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I Will Be Your Waiter

I Will Be Your Waiter
Image: Cyndi Monaghan / Getty´╗┐

My Dear Shepherds,

We’ve waited so long. The night seems so deep. Our people need our constant reminders to remain at the ready. Jesus said,

Be dressed ready for service and keep your lamps burning, like servants waiting for their master to return from a wedding banquet, so that when he comes and knocks they can immediately open the door for him. It will be good for those servants whose master finds them watching when he comes. (Luke 12:35-36)

So we keep watching knowing that one day he will burst through the door of the heavens, trumpet sounding. What happens next in Jesus’ telling caught me by surprise.

Truly I tell you, he will dress himself to serve, will have them recline at the table and will come and wait on them. (v.37)

Did you realize that Jesus washing the feet of his disciples in the upper room was eschatology? What shocked them we tend to take for granted. Jesus served us on the cross. He served us when he sent the Holy Spirit, when we married into his family, the countless times he’s listened as we unburdened our hearts, and with all those answered prayers. He is constantly serving us, always washing our feet. But this?

It seems Jesus pictured us all coming into that great Upper Room, fresh from meeting him in the air, in our new immortal bodies, dressed in blood-bleached white linen. Before us is spread a vast bridal banquet, lavish and regal. The Lord, having prepared the place for us and us for the place, now invites us all to recline around the table. “On this mountain the Lord Almighty will prepare a feast of rich food for all peoples, a banquet of aged wine—the best of meats and the finest of wines.” Then, instead of taking his seat at the head of the table, the Lord Jesus lays aside his blood-dipped, gleaming white robe and golden sash to dress as a servant, and he begins to wait on us! Not just on that festive occasion but forever after! Because, after all, that is his nature.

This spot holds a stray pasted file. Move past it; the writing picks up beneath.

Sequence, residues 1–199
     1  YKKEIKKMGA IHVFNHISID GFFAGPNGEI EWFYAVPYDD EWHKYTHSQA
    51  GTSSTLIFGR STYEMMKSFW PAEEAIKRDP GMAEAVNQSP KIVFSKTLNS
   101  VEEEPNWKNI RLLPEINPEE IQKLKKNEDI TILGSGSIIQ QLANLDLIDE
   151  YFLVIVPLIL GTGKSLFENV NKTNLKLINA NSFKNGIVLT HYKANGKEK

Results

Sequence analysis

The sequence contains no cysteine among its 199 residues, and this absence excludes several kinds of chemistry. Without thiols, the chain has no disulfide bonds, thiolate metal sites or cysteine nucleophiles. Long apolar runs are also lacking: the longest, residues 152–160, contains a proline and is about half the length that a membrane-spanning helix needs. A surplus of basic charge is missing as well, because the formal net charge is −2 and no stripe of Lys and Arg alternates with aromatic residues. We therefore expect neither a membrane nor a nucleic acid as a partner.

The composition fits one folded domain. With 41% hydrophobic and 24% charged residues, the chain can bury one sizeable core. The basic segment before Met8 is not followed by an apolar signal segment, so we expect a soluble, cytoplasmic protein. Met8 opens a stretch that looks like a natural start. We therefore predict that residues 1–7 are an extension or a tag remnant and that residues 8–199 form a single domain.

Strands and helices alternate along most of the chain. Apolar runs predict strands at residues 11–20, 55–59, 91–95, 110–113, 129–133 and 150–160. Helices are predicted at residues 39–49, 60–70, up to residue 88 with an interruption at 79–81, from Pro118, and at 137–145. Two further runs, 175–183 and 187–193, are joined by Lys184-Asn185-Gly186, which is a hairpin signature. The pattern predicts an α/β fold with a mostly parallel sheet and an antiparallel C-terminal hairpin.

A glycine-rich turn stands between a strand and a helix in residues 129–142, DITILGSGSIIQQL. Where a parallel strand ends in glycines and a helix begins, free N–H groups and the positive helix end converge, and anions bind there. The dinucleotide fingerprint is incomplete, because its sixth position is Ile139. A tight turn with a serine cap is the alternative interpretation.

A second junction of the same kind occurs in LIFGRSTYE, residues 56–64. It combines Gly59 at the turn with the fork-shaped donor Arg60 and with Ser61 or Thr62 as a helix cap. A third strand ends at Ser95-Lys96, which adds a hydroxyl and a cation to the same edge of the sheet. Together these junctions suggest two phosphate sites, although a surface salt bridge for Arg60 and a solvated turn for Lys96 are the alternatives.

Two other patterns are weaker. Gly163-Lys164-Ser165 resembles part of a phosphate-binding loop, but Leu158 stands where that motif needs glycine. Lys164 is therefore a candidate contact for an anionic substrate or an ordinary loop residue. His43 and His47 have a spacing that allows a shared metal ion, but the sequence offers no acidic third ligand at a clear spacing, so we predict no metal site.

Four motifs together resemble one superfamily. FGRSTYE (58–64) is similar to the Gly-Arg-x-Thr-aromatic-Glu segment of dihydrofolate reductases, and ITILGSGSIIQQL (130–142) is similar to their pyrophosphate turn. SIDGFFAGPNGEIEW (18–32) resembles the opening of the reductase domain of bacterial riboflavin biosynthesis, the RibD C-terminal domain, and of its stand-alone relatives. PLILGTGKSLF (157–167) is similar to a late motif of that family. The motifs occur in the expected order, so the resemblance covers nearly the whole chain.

Surely, I thought, if Jesus’ disciples had gaped to see him wash their feet how much more dumbfounded will we be then. But John tells us that when we see Christ we will be like him. If Jesus, even in glory, bears “the very nature of a servant” then so shall we, finally and forever. In that upside-right world, seeing our King serve will be as natural and fitting as seeing a grand coronation in this world. His service will be the very embodiment of his majesty.

But for now, our duty is to “be dressed ready for service.” That is true for all believers but especially for pastors. In calling us, the Good Shepherd endowed us with love for the sheep of his pasture. That love leads to service.

Much of our service is a delight, of course, but not all of it. Pastoral service this past year sometimes seemed slavish, didn’t it? It’s one thing to be a servant but another to be treated like one. But for now, let us together with other shepherds, bear the slights of servitude with the grace and wisdom of Jesus. Let us wear the servant’s apron like we were born to it.

Love them because Jesus first loved you. Love them because Jesus died in order to dress his bride in spotless white. Love them because by so doing we all become more and more like Jesus, and because serving them gives them a taste for heaven.

Be ye glad!

Lee Eclov recently retired after 40 years of local pastoral ministry and now focuses on ministry among pastors. He writes a weekly devotional for preachers on Preaching Today.

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